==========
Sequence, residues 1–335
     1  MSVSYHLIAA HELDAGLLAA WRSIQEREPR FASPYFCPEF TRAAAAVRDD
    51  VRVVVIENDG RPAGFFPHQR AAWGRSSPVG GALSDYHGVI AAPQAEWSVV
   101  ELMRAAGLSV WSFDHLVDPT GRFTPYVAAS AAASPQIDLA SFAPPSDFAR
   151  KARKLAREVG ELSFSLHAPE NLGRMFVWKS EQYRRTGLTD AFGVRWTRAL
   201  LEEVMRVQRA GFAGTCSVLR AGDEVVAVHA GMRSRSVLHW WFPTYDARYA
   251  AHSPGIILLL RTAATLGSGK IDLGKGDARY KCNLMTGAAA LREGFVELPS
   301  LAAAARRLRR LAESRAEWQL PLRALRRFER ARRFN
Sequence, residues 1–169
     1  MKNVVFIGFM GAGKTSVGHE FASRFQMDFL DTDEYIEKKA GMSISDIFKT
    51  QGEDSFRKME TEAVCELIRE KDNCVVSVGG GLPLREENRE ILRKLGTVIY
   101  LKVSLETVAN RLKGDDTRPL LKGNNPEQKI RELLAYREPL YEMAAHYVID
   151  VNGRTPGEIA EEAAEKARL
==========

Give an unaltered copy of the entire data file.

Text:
Sequence, residues 1–335
     1  MSVSYHLIAA HELDAGLLAA WRSIQEREPR FASPYFCPEF TRAAAAVRDD
    51  VRVVVIENDG RPAGFFPHQR AAWGRSSPVG GALSDYHGVI AAPQAEWSVV
   101  ELMRAAGLSV WSFDHLVDPT GRFTPYVAAS AAASPQIDLA SFAPPSDFAR
   151  KARKLAREVG ELSFSLHAPE NLGRMFVWKS EQYRRTGLTD AFGVRWTRAL
   201  LEEVMRVQRA GFAGTCSVLR AGDEVVAVHA GMRSRSVLHW WFPTYDARYA
   251  AHSPGIILLL RTAATLGSGK IDLGKGDARY KCNLMTGAAA LREGFVELPS
   301  LAAAARRLRR LAESRAEWQL PLRALRRFER ARRFN
Sequence, residues 1–169
     1  MKNVVFIGFM GAGKTSVGHE FASRFQMDFL DTDEYIEKKA GMSISDIFKT
    51  QGEDSFRKME TEAVCELIRE KDNCVVSVGG GLPLREENRE ILRKLGTVIY
   101  LKVSLETVAN RLKGDDTRPL LKGNNPEQKI RELLAYREPL YEMAAHYVID
   151  VNGRTPGEIA EEAAEKARL